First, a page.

Thus, if Davis is diagnosed with a concussion, he would not be able to be cleared until 24 hours after the initial injury — or late Thursday — at the earliest. Realistically, his availability for Game 6 would be in doubt.
The scene around the Lakers postgame was understandably glum. Davis’ availability has loomed over the Lakers’ playoff run — and, to a larger extent, over most of the past four seasons. It’s been a constant worry, one of the few things that could undermine the dominance of the James-Davis duo.
Davis suffered a scare in Game 1 of the Memphis series, with a shoulder stinger leaving him unable to lift his arm temporarily. But he returned to that game and has played in 24 consecutive games for the first time since the 2017-18 season. He’s been battling through the remnants of his right foot injury, but he’s been available nonetheless.
The Lakers’ locker room opened up nearly 30 minutes after the buzzer — slightly later than usual. Davis’ parents, agent Rich Paul of Klutch Sports Group and Lakers vice president of basketball operations and general manager Rob Pelinka were seen around and in the locker room area. Davis was briefly visible walking from the shower to the training room before his stroll out of the locker room. Despite his encouraging messaging, Ham was testier than usual in his postgame press conference — even when factoring in the Lakers loss — and emphatically crumpled up the game’s stat sheet upon leaving the dais.
Davis missing any amount of time, be it Game 6, a potential Game 7, or beyond, if the Lakers were to advance in that scenario, would obviously be a season-altering blow. Davis has been the team’s best player by a clear margin in the postseason. He’s the anchor of their playoff-leading defense. He’s been the key to their defensive success against the Warriors, an elite defensive system unto himself. He’s been a top-five player in these playoffs at worst.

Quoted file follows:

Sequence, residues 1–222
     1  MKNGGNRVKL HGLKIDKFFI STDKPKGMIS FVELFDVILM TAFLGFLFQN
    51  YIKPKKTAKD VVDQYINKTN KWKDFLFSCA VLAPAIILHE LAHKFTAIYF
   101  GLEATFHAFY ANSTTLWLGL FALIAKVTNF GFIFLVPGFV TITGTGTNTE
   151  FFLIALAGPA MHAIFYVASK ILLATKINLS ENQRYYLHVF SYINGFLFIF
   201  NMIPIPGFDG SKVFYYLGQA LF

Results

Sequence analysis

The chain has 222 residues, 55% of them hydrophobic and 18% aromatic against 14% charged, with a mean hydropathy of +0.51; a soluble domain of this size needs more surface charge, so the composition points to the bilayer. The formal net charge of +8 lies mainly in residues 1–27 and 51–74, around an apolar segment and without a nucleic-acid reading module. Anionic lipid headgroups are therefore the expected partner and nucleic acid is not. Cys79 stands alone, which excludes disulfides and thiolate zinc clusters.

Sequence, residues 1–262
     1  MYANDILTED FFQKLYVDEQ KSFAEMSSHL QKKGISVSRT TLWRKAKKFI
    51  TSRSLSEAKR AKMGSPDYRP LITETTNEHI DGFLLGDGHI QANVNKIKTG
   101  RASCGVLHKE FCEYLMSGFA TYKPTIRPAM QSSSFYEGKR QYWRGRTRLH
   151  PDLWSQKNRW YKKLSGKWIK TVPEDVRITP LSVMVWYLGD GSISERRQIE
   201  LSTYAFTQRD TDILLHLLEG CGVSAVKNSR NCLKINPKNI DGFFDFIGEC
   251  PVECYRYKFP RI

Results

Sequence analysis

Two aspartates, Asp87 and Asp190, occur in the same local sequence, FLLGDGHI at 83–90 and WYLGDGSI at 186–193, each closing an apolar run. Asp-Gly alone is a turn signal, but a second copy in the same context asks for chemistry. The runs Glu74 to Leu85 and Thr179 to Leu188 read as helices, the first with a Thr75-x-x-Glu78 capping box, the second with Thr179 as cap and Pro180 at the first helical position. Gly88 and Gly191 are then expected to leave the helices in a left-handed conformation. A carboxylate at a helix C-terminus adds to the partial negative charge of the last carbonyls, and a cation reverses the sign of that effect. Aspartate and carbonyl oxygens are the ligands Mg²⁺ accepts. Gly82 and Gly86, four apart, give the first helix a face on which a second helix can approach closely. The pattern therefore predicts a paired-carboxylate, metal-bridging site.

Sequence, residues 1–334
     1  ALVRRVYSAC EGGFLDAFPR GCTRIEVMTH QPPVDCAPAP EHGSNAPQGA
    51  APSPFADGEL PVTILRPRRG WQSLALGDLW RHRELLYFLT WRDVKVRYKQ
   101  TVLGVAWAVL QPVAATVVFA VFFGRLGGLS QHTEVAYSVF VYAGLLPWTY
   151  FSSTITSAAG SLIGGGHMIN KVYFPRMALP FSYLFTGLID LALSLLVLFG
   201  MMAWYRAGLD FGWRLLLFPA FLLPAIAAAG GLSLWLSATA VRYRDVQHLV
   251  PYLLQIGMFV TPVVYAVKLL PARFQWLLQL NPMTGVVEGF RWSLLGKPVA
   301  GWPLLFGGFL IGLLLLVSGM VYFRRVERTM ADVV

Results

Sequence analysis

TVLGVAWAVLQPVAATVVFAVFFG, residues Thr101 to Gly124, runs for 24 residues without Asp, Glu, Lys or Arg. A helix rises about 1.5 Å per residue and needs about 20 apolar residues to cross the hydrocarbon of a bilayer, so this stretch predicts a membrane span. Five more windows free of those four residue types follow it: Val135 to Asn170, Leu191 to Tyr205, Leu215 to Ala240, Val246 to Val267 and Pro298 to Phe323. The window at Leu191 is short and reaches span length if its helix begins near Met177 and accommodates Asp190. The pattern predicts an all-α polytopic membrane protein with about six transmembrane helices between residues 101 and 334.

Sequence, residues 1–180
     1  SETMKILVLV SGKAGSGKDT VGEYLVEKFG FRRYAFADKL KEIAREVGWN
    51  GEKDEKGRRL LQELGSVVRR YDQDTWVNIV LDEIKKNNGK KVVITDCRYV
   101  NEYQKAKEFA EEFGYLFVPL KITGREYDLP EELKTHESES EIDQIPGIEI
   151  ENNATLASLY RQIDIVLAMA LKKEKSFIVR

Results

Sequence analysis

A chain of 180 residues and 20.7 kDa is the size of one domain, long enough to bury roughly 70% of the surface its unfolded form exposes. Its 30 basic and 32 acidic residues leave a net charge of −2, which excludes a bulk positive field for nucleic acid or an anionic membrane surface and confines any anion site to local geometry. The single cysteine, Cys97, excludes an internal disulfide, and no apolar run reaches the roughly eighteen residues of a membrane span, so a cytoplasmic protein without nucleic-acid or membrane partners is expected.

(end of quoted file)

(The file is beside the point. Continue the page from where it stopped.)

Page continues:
Davis had been effective in Game 5 before his injury, scoring 23 points on 10-of-18 shooting and adding nine rebounds and three assists in 32 minutes. His absence would require more from James, such as a throwback Herculean performance. The Lakers would likely play James and Rui Hachimura at center, as they can get away with that against the smaller, jump-shot-heavy Warriors. Wenyen Gabriel could also play a larger role, depending on his initial shot. They could dust off Tristan Thompson, who hasn’t play a rotation minute yet.
The alternatives aren’t great, of course. The Lakers would likely just go smaller and try to win a shootout — a seemingly tall task against a team featuring arguably the two greatest shooters ever.
“I mean, score more points than the other team,” Reaves said of the Lakers’ strategy vs. Golden State if Davis misses time. “Obviously, A.D. is huge to what we do. … We’re still a group of NBA basketball players that have played games without him this year. Like I said, you never want to play a game, a big game, without a guy like that, but that’s the nature of the game. That’s really it. Score more points.”